If you’ve ended up with a graphic that has jagged edges, don’t worry, we all have been there and hated it when you just have to use a graphic somewhere, and it turns out to be this horrible pixelated thing with edges like that of a chainsaw.
To each graphics designer’s delight, though, there exists Photoshop. This magical tool, among many other beneficial applications, can help you fix those broken graphics and that’s exactly what we’re going to do in this article.
Note: While Photoshop can help you fix much of your graphic, don’t expect it to heal everything in there magically. If your graphic is really broken, you might end up having to use another one or use a vector instead.
Fixing rough edges in Photoshop
I’m loading a graphic here which has absolutely horrible edges. In case you’ve something like this, the best option is to redesign the whole thing as there’s not a lot you can do in terms of correction. Still, we’re going to give this a shot.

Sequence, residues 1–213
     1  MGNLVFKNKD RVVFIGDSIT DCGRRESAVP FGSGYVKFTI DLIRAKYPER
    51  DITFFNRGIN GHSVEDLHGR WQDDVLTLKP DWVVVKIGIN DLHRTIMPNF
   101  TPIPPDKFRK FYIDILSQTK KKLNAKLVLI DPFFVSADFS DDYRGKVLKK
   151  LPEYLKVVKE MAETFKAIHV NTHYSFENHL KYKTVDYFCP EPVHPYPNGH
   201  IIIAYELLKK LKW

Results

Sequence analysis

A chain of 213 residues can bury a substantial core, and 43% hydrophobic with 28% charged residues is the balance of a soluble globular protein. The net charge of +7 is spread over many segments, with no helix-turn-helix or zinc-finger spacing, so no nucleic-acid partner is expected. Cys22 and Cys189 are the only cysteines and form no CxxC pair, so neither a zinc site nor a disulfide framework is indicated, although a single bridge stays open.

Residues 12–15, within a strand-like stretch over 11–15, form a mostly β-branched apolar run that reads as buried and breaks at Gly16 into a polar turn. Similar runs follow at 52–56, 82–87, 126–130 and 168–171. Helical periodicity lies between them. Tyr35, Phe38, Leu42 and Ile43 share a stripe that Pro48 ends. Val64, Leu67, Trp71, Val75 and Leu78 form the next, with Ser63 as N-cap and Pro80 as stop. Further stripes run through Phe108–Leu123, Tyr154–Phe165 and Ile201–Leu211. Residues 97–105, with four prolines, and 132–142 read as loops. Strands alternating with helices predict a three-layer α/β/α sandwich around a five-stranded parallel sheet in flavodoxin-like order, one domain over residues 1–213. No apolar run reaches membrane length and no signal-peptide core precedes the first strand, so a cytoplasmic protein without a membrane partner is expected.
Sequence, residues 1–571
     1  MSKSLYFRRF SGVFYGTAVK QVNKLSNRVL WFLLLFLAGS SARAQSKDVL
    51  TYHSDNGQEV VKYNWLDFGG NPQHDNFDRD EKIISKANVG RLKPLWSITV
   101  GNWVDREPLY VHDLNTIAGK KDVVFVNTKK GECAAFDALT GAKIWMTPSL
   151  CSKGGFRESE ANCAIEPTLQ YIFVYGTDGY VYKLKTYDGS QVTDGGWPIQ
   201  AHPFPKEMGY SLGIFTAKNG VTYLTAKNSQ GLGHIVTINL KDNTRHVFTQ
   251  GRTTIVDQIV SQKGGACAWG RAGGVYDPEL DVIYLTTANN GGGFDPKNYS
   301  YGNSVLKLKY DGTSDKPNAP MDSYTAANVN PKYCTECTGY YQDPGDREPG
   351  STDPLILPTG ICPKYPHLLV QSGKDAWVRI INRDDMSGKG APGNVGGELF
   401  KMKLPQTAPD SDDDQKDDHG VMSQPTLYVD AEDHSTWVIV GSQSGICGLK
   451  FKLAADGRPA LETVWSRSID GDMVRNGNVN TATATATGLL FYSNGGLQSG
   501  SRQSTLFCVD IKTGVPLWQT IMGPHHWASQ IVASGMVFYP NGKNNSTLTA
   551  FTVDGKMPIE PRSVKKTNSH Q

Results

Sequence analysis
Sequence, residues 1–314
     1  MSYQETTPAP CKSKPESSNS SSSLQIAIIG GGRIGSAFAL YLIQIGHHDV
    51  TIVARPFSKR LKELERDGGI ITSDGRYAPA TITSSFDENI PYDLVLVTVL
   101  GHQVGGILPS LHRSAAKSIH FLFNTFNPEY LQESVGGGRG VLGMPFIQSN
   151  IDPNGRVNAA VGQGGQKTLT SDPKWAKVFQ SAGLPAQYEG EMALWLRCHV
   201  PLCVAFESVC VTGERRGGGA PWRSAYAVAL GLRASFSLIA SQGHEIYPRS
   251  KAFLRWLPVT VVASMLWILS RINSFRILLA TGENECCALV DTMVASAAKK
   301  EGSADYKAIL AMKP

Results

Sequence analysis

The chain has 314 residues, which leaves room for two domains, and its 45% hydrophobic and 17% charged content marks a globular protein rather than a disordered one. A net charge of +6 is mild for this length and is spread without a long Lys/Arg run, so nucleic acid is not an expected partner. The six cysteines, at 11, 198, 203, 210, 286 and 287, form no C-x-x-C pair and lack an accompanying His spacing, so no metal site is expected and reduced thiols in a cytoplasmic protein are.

Step 1: Load your graphic/image in Photoshop. I’ll add a black background layer so you can see things correctly.
Step 2: Choose a part you would like to start the smoothing process from and zoom in on that.
Step 3: Ctrl+Click on your layer to select it (Ctrl+Click on the thumbnail instead if you want to use a mask).
Step 4: Goto Select > Modify > Contract and enter the number of pixels from where you’d like to shrink your selection. I’ll go ahead and type in 1 just because of how small my graphic is. You might have to use some other value.
Step 5: Go to Select, then Modify and choose feather. Again you’ll need to determine the feather size you’re going to use. Typically, you would use something smaller than your contract selection, but I’m just going to use the same value because of how bad the graphic is.
Step 6: Use Ctrl + Shift + I to inverse the selection.
Step 7: Use the eraser tool, set the opacity to 100 and the colour to black and start rubbing around the edges. You’ll notice they start getting smoothened out. If you’re using a mask, use the brush tool with the same settings instead.
You can hide the selection using Ctrl + H to see what you’re doing better.
Someone who writes/edits/shoots/hosts all things tech and when he’s not, streams himself racing virtual cars. You can reach out to Yadullah at [email protected], or follow him on Instagram or Twitter.